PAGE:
The current bill from Sen. Jim Beall, D-San Jose, would have lifted the statute of limitations for a group of alleged victims who are 26 or older and missed the previous window [the statute of limitations had already been lifted in such cases in 2002] to file lawsuits because of time and age restrictions.
Governor Brown courageously and rationally vetoed the legislation for the very reason the Church and other organizations opposed its passage. In his veto statement he said:
Catholic Church leaders, including the Diocese of Monterey, and representatives of other organizations in opposition, such as private schools and the State Alliance of YMCAs, said the proposal to allow claims is unfair because it does not allow accusers to sue public institutions [more].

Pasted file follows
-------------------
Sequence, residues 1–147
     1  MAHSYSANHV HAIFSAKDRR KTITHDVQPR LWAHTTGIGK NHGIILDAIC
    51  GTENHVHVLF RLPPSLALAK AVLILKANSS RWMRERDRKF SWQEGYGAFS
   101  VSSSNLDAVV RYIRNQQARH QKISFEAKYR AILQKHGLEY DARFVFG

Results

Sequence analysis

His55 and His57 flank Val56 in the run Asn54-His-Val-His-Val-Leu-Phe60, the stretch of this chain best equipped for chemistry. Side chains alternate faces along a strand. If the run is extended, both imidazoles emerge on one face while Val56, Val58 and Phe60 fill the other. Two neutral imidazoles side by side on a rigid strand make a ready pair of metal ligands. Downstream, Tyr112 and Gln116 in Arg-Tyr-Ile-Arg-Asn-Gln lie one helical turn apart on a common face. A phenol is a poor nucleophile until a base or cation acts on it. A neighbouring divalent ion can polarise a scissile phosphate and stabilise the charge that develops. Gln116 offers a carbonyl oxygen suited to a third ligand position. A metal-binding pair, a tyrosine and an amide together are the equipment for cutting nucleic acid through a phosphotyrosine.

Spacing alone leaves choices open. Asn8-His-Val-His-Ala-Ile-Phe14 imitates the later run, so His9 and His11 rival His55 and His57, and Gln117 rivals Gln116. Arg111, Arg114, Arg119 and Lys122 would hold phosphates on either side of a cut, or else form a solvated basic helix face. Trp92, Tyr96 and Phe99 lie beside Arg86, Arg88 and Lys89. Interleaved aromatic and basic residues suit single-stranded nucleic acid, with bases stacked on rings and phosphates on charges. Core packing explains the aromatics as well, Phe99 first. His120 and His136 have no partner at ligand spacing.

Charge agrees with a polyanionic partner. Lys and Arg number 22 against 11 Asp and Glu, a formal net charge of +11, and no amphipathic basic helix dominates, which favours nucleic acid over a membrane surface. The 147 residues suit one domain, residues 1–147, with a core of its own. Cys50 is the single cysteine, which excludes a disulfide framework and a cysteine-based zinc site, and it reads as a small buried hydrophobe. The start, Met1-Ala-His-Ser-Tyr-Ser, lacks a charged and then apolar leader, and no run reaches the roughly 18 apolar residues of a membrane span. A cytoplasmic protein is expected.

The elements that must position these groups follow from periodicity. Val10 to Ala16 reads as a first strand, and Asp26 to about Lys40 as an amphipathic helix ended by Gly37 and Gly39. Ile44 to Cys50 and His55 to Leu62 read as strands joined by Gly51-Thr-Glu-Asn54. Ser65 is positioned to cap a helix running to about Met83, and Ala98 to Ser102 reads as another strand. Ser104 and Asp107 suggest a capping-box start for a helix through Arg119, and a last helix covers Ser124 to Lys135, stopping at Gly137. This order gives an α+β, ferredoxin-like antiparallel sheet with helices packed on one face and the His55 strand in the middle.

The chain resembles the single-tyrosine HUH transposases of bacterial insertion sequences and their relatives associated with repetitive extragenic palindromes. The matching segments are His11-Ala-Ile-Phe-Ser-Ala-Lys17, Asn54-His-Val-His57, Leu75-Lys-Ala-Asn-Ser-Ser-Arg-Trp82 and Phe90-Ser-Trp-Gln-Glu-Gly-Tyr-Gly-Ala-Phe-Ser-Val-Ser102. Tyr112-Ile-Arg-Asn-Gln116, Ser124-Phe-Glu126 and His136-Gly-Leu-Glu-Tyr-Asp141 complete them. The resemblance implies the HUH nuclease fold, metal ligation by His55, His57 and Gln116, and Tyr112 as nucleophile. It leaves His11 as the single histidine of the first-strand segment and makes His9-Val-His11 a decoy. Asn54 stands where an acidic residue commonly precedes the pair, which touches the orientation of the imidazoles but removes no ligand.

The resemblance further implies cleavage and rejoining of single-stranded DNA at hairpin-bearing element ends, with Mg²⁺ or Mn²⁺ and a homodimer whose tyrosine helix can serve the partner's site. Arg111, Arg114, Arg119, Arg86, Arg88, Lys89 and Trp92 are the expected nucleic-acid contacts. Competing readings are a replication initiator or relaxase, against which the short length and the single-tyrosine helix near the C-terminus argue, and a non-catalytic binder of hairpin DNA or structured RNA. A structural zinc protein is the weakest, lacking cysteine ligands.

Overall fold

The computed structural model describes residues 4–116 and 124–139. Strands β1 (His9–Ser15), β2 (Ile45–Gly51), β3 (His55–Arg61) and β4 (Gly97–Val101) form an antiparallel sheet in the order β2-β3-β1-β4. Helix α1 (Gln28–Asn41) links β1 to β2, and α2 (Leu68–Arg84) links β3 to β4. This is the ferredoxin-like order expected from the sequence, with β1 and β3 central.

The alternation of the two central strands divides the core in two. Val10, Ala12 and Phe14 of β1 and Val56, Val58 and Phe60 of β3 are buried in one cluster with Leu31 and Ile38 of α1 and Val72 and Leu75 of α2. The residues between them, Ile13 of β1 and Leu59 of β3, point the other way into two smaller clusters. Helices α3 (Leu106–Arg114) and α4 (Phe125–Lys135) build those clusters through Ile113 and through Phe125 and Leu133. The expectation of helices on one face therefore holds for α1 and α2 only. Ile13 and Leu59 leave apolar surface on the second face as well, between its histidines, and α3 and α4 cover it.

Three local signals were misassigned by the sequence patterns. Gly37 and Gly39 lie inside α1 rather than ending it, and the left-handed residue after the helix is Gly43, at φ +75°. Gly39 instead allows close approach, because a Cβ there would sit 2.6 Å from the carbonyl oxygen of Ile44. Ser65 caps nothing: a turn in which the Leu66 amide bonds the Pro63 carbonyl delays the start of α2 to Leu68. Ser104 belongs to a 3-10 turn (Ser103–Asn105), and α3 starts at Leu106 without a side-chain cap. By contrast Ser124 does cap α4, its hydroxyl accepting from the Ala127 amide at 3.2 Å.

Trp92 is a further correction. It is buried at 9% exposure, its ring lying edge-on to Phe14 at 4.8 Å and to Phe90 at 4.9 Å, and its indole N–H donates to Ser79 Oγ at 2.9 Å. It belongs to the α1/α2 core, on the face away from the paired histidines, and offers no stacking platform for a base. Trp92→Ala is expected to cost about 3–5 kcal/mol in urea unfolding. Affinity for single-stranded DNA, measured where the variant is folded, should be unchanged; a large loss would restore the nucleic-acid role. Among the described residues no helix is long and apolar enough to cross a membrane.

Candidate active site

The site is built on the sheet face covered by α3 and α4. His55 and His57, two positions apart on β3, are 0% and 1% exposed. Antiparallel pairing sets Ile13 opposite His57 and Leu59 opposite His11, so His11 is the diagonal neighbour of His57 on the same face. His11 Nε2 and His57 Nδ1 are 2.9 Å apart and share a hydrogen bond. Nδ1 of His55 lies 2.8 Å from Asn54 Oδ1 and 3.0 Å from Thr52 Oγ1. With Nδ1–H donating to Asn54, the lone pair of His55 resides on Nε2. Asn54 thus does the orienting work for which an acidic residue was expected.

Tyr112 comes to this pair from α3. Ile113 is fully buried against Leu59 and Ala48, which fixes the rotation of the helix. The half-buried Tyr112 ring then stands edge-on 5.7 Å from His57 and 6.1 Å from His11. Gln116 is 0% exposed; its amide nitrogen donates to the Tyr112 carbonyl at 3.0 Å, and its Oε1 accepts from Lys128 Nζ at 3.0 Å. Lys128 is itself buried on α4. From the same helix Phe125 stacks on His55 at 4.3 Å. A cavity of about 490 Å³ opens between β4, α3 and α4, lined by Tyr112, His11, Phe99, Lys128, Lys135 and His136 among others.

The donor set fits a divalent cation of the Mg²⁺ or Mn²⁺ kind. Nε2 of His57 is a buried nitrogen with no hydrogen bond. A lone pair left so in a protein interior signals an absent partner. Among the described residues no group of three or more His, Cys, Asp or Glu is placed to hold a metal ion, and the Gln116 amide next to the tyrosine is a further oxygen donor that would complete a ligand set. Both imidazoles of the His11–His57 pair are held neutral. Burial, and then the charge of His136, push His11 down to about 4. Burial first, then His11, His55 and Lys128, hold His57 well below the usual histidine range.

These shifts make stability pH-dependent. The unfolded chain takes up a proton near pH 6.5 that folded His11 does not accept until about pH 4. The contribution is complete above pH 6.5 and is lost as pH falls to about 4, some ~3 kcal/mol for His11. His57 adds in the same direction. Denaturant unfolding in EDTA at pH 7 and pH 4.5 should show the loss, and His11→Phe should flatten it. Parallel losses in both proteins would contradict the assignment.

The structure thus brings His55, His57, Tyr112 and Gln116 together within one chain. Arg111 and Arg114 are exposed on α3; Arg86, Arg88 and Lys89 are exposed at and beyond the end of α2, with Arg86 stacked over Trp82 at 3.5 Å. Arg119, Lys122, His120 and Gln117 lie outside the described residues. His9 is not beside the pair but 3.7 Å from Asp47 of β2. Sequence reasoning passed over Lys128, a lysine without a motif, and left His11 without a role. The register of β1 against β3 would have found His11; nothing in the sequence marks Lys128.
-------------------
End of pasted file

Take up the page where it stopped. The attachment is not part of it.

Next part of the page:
This bill does not change a victim's ability to sue a perpetrator. This bill also does not change the significant inequity that exists between private and public entities. What this bill does do is go back to the only group, i.e. private institutions that have already been subjected to the unusual "one year revival period" and makes them, and them alone, subject to suit indefinitely. This extraordinary extension of the statute of limitations, which legislators chose not to apply to public institutions, is simply too open-ended and unfair.The discrimination between public and private institutions in California law has a long history and allows victims to sue the Catholic Church but not the public school system, a history which Governor Brown explores in his statement and calls "unreasonable, if not shocking."